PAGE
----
OLYMPIA, Wash. — Rani Hong is a survivor of child trafficking and a leading voice helping survivors of slavery worldwide. She was in New York City last weekend when the 193 members of the United Nations adopted a resolution to take immediate measures to reduce human trafficking and by 2025 end trafficking in all forms.
When Hong was 7 years old, she was taken from her family in Southern India and sold to a slave master.
“I remember those days of pain and desperation and no hope,” Hong said. “The traffickers and the masters who were in control basically said ‘Nobody will ever listen to you, stop crying.'”
Hong is proud of the progress that started in 2002 when Washington state became the first state in the country to put measures in place to stop human trafficking. Now all 50 states take part. World leaders showed interest in putting an end to the crime as well last weekend.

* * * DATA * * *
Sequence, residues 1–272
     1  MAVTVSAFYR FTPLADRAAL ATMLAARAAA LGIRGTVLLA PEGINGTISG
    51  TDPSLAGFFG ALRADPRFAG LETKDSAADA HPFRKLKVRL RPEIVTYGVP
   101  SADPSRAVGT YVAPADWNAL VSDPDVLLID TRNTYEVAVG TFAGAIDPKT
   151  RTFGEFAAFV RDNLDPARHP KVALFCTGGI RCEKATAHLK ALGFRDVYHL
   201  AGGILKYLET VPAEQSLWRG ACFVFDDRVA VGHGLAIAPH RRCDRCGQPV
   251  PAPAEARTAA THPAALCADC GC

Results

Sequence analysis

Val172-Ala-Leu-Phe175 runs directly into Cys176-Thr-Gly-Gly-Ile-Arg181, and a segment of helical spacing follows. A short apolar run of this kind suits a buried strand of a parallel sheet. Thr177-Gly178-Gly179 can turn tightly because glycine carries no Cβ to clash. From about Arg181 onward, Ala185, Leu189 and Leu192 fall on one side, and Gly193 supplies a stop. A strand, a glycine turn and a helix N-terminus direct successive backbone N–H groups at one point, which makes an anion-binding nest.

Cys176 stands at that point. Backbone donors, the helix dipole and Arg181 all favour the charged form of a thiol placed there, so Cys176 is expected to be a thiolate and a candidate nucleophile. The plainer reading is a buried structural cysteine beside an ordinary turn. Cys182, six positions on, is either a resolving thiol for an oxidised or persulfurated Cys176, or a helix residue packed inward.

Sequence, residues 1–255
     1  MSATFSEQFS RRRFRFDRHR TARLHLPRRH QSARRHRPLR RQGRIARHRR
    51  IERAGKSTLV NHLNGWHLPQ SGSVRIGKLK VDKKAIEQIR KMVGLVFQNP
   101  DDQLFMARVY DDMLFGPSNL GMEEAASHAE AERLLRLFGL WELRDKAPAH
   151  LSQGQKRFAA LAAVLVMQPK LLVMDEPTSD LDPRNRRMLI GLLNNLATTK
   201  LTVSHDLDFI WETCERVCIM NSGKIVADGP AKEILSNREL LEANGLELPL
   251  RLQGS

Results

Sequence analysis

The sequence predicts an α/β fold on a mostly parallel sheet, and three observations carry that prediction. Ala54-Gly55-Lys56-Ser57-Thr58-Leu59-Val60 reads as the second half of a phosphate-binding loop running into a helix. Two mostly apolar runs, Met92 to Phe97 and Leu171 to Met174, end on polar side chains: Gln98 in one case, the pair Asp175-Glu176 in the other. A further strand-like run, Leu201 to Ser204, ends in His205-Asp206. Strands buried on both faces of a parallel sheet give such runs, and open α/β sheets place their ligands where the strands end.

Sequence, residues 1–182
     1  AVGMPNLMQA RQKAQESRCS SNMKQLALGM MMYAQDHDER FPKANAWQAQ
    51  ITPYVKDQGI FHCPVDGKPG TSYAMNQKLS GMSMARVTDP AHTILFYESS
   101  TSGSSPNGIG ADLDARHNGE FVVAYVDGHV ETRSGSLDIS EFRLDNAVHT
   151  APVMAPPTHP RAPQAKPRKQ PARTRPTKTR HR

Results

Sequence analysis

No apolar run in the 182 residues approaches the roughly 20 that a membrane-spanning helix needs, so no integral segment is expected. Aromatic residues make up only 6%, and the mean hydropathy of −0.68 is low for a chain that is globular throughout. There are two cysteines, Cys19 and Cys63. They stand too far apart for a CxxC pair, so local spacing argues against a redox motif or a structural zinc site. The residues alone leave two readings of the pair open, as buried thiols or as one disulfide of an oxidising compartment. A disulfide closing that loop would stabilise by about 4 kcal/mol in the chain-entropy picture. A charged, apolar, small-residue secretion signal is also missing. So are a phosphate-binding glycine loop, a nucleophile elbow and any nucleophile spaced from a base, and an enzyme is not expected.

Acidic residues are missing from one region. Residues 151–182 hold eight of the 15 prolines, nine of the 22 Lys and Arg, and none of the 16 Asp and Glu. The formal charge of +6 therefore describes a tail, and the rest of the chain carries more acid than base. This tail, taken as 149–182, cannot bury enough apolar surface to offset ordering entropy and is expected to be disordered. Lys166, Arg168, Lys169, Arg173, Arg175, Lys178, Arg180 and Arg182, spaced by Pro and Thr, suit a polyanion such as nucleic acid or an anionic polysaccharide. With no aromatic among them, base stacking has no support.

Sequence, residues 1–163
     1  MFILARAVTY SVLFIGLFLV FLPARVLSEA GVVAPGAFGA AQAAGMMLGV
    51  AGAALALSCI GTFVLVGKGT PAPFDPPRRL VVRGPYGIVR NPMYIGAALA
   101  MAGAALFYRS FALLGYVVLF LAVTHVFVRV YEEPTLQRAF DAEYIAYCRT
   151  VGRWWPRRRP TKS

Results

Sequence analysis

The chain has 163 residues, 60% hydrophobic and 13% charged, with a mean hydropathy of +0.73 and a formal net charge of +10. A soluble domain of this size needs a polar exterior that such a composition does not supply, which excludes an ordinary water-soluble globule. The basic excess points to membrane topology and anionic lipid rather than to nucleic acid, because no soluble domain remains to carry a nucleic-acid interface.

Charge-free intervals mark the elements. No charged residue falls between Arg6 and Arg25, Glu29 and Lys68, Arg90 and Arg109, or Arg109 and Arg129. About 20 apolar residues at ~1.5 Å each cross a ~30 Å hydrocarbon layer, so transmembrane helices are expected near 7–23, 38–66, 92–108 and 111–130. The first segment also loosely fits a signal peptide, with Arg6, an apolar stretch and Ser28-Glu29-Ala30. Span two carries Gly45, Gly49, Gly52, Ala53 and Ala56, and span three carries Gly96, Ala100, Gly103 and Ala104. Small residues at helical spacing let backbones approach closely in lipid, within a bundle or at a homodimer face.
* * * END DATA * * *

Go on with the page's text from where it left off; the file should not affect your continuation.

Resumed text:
“It was just that sense of ‘Wow.’One individual person can make a difference if we choose to stand out and be able to help change the world,” Hong said.
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